It's something of a pity that most Americans think of sparkling wines as wines of celebration — that extraordinary act of niche marketing has rendered these complex and versatile wines into an unfortunate pigeonhole, when they can, and should be enjoyed anytime, anywhere. Nevertheless, here we are, in the thicket of special occasions, with feasts to toast and new years to welcome. Here, then, are a few sparklers worth considering for a few occasions.

Cava, the Party Wine:

Made with macabeo, xa-rello, and other indigenous Spanish grape varieties, cava has a taste that's remarkably different than most sparkling wines. A good cava always leads with a clean pronounced minerality and citrus pith line of mild bitterness that happens to make the wine exquisite with the snacks and nibbles of a holiday party. But you'll appreciate cava not only for its pairing facility but for its price — it's rare to find one over $25.

Some go-to Cavas: Drescher, Raventos, Gramona, German Gilabert.

Prosecco, the Quaffer:

Made mostly with an indigenous variety Glera, once called Prosecco, Prosecco the wine, from the Valdobbiadene and Conegliano regions, are among the most approachable sparkling wines in the world, with a palpable freshness to its flavors of lemon and peach, and a soft, velvety palate finely tethered by a clean mineral tang.

Some go-to Proseccos: Adriano Adami, Nino Franco, Bisol, Fantinel.

American Sparkling, the Pretender:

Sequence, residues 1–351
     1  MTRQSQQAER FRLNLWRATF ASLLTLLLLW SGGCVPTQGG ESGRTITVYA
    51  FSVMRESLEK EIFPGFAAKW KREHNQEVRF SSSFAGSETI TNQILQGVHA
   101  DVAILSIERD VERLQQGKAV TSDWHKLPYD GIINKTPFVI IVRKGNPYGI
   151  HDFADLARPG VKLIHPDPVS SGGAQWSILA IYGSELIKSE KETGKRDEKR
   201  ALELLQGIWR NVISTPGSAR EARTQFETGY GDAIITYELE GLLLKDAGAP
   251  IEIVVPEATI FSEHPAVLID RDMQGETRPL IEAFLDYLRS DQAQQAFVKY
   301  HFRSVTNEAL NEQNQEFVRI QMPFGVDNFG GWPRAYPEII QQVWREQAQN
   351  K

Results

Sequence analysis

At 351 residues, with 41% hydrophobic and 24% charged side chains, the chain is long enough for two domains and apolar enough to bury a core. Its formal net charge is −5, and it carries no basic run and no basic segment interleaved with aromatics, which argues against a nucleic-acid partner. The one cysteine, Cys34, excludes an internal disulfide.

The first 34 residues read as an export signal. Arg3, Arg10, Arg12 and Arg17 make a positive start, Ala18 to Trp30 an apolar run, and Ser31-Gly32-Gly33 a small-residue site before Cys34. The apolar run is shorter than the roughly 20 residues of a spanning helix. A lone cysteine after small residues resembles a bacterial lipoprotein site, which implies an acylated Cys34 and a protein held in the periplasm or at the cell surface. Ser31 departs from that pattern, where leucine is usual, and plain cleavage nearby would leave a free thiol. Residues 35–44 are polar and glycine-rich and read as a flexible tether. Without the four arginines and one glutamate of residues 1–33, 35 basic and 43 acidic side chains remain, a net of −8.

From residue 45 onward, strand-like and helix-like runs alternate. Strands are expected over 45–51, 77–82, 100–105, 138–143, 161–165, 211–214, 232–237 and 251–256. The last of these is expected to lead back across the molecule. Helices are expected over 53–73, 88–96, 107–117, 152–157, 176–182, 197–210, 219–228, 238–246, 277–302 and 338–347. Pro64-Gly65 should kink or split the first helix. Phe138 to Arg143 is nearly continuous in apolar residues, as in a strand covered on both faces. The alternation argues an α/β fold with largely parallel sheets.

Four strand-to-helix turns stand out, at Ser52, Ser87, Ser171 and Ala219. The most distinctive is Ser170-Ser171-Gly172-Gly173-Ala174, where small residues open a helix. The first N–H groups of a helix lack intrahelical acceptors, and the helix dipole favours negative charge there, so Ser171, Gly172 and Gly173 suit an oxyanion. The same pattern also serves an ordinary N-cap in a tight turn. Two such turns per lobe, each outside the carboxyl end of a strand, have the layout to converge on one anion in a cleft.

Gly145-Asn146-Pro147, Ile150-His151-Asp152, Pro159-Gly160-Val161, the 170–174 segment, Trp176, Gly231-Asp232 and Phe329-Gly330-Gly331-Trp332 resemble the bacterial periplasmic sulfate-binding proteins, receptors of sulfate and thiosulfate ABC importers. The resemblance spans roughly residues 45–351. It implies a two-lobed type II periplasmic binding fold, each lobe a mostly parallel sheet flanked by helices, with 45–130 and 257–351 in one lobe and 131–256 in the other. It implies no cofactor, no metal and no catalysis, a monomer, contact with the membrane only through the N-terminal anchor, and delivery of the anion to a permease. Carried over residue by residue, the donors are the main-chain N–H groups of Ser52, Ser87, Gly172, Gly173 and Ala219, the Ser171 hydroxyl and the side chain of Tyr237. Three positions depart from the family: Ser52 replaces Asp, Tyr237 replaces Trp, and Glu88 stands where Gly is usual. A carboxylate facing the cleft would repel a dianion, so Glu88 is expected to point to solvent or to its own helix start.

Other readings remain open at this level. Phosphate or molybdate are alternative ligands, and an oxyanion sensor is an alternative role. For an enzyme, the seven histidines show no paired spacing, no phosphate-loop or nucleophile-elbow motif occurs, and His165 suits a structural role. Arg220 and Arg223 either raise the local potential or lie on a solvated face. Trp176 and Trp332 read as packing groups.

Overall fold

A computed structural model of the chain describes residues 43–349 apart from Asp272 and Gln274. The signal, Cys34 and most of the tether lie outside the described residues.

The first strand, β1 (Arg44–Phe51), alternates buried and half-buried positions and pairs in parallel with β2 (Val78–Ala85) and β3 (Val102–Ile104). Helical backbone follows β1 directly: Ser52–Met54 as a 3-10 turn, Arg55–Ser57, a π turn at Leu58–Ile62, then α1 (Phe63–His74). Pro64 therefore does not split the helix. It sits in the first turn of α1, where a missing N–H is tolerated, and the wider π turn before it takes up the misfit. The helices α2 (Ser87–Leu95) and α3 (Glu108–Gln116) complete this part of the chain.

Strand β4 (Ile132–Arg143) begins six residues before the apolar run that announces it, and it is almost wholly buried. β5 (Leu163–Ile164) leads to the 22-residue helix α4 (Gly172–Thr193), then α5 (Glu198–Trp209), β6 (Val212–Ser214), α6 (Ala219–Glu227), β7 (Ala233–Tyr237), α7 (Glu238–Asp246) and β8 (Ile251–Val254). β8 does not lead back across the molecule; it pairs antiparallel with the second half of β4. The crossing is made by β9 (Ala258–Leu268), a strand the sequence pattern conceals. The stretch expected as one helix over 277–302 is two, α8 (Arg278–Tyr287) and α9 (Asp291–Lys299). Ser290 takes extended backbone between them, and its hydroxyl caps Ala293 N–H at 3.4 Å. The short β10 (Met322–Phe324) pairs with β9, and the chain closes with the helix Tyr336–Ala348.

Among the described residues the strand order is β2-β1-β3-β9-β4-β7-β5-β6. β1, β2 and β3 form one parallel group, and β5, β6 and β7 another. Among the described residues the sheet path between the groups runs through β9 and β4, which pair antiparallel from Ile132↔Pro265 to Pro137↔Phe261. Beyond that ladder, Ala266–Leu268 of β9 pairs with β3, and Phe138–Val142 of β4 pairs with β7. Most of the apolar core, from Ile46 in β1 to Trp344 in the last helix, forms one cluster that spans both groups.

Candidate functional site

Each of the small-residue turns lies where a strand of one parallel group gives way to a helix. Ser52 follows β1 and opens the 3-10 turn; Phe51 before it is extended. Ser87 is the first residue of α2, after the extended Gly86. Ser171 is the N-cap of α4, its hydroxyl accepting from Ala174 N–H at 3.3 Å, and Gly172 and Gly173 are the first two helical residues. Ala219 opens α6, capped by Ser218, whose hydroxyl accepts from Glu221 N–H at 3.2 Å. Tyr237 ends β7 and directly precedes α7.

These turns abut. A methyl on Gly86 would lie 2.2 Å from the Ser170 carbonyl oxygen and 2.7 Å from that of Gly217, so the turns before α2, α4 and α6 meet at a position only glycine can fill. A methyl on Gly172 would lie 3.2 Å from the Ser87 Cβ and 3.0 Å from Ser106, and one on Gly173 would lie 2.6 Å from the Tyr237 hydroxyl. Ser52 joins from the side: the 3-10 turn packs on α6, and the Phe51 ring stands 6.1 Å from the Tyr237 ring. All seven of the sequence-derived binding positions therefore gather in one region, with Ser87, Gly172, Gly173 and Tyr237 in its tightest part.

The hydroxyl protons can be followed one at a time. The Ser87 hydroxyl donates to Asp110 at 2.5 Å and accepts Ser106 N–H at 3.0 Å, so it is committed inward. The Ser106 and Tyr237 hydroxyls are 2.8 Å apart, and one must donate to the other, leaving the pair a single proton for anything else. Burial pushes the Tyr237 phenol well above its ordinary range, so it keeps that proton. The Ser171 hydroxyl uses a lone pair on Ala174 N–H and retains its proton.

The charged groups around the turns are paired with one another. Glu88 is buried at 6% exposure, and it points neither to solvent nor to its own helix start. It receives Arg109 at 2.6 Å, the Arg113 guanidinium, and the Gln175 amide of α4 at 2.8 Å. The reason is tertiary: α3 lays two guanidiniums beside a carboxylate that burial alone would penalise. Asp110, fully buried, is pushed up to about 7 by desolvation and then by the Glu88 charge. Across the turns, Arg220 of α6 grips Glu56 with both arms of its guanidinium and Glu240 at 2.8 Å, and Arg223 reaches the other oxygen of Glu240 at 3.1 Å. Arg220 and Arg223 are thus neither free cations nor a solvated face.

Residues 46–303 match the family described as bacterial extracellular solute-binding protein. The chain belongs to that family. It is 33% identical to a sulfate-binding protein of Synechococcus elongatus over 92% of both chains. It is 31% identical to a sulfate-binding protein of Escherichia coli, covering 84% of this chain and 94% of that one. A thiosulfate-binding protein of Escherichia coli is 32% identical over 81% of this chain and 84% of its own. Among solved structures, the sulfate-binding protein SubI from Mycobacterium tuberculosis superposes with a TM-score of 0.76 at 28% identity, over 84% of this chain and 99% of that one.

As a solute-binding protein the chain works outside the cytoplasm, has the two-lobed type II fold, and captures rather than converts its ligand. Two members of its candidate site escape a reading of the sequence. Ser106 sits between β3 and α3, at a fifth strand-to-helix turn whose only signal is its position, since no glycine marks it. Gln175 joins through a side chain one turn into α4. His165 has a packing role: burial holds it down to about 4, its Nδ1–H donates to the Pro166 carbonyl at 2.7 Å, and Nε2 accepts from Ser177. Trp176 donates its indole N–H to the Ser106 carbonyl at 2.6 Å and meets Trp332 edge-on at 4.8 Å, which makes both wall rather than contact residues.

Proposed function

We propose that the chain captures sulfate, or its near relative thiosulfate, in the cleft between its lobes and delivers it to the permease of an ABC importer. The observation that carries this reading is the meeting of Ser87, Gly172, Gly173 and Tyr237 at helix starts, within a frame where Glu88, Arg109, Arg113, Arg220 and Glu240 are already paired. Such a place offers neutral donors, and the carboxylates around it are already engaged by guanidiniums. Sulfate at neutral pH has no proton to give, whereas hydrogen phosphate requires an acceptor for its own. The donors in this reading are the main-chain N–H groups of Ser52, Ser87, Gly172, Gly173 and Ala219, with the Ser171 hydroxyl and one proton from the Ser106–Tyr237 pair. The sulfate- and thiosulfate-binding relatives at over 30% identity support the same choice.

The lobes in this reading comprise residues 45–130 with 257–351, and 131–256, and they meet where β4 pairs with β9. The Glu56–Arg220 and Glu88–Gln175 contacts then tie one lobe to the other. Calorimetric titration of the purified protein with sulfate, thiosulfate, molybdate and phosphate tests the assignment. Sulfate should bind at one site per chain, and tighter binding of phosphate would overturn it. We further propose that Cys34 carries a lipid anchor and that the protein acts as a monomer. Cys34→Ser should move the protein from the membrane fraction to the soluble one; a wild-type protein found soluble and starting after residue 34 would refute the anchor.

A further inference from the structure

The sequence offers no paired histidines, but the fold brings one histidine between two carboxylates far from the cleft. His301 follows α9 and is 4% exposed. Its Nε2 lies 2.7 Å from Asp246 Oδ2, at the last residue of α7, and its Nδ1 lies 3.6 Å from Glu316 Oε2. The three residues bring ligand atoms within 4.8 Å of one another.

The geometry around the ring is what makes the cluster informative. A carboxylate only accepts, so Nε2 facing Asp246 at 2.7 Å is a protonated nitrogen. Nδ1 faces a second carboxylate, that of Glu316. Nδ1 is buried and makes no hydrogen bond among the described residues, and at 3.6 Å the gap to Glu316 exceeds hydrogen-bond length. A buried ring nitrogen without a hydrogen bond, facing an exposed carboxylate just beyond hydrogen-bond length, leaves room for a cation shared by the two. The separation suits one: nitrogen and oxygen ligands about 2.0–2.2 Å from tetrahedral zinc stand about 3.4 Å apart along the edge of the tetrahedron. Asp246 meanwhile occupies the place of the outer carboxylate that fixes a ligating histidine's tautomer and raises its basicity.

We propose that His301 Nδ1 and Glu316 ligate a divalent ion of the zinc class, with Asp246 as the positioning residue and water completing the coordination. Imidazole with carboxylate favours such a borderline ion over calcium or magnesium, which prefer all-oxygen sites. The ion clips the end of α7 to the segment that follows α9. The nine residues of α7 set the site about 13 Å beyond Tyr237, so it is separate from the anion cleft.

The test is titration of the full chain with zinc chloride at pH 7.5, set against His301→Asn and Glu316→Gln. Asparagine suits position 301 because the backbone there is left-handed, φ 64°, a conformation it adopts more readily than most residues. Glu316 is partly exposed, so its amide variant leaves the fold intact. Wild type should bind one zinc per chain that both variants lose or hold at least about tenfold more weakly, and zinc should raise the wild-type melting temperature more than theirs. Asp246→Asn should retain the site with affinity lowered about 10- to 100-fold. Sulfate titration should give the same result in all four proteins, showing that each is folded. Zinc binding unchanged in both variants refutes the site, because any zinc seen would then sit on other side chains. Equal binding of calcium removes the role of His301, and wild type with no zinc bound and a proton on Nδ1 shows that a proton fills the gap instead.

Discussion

In the past half-dozen years American sparkling wine producers have fine-tuned their wines to a newfound level of finesse, even as they remain lavishly rich, ever the product of the California sun, for a palate generosity that many French Champagnes can't claim. They are also typically a smidge cheaper than Champagne, making them another party favorite.

Some go-to Sparklers: Schramsberg, J, Roederer Estate, Iron Horse.

Champagne, the Ideal of Effervescence:

And then there is Champagne, the region, the beverage, the platonic ideal, grown in one of the coolest, most northerly wine-growing regions on earth, in some of the chalkiest soils, resulting in wines of unparalleled poise and elegance, and the symbol of celebration all over the world. Whether going the route of richness or finesse, Champagne's greatest attribute is precision of expression, leading to a giddy intensity of flavor that seems the perfect accompaniment to holiday enjoyment.

Some go-to Champagnes: Charles Hiedseick, Deutz, Louis Roederer, Diebolt Vallois, Krug, Billecart-Salmon.

And in related news:

Serious Drinking: A Boozy Gift Guide

Holiday Beer Guide: Belgian Christmas Edition

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